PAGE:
🚨 Flea shampoos aren’t safe for puppies under 12 weeks of age. Only use them on your adult dogs, and after checking in with your vet.

Choosing the right flea and tick shampoo for dogs

Choosing the right flea shampoo can be a challenge, given just how many options are on the market. Which ingredients should you look out for? What should you avoid? Here are some tips to help you pick the right product for you and your pooch.

👉 Flea shampoos can be quite drying, so avoid using them if your pup has irritated skin or ongoing skin problems.

Look for active ingredients that actually work. Some more natural flea shampoos use essential oils and plant-based extracts. While these sound good on paper, some are dangerous and others are simply not all that effective. For example, peppermint oil is technically toxic to dogs and unproven as a flea repellent anyway. Why waste your money? Instead, opt for flea shampoos that contain pyrethrin.

🚨 While pyrethrins are effective flea deterrents, they’re also highly toxic to cats. If you have a multi-pet household, we recommend using oral flea treatments in order to keep your feline friend safe. 🐱

Consider flea shampoos that have ‘residual action’ effectiveness. Residual action refers to a flea shampoo’s ability to kill fleas once bathtime is over, but most flea shampoos don’t have this quality. However, ones containing Insect Growth Regulator (IGR) may well give your pup some protection for up to a week after application.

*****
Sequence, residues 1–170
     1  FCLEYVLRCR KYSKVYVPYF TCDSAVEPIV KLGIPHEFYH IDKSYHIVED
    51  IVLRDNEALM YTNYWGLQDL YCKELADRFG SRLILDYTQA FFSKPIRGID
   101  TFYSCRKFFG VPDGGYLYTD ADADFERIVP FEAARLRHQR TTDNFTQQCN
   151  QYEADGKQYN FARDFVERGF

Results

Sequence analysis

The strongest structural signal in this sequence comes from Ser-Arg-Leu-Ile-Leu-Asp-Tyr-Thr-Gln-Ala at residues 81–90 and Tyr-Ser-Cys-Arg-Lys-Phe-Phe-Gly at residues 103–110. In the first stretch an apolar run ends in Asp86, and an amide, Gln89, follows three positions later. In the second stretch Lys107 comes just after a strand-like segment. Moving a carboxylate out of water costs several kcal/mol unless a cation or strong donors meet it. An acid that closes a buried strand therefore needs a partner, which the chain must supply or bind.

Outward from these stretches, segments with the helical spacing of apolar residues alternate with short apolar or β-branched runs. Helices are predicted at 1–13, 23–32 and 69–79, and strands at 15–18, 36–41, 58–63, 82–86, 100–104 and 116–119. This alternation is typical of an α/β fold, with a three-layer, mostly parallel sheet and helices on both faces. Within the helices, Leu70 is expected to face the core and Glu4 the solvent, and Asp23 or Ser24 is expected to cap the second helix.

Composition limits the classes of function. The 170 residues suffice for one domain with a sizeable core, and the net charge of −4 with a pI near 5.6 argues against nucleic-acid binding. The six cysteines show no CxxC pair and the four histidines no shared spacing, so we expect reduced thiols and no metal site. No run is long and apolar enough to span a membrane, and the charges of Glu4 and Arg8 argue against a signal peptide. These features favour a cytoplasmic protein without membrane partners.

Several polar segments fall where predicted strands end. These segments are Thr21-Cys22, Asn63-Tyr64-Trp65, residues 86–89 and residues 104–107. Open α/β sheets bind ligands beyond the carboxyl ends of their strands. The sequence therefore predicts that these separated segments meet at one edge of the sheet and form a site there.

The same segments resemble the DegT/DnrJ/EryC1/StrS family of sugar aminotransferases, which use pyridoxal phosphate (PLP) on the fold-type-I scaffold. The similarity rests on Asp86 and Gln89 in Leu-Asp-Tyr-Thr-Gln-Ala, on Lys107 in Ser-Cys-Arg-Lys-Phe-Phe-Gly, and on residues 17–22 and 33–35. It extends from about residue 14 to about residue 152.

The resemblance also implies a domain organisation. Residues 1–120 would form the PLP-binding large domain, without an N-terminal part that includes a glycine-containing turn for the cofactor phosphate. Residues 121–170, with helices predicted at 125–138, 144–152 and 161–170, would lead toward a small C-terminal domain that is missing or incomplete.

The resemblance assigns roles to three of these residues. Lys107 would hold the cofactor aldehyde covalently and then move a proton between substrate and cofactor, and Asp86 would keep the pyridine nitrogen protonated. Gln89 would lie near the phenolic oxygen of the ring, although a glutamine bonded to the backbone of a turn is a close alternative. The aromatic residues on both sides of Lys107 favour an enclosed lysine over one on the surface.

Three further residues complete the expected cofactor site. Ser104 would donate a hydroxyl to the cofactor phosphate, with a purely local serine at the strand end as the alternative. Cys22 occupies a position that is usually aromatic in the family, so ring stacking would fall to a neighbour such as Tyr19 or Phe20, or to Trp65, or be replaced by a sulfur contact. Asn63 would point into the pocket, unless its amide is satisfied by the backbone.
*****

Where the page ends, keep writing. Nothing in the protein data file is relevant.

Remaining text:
👉 To really protect your dog from reinfestation, it’s best to use a regimen of flea prevention products.

How to give your dog a flea bath

Once you’ve picked out the best flea shampoo, it’s time to put it to good use. Just keep in mind that bathing a dog with an active flea infestation isn’t as straightforward as giving them a regular bath. Here’s how to get the most out of your flea shampoo.

  1. Rinse your dog thoroughly in lukewarm water. Make sure their fur is completely wet before applying the shampoo. It can also be helpful to do this outside, for the sake of your bathroom!
  2. Lather the flea shampoo all over them. Take extra care not to get it in their eyes or ear canals, but apply the amount indicated on the bottle. Flea shampoo is drying and generally smells quite strong so you may want to wear gloves.
  3. Leave it to sit for a few minutes. Most flea shampoos recommend leaving the lather to sit for five to ten minutes, but follow the specific instructions on your brand of choice.

🐶 Wondering how to keep your dog still while the shampoo works its magic? Try treats or peanut butter smeared on a nearby clean surface.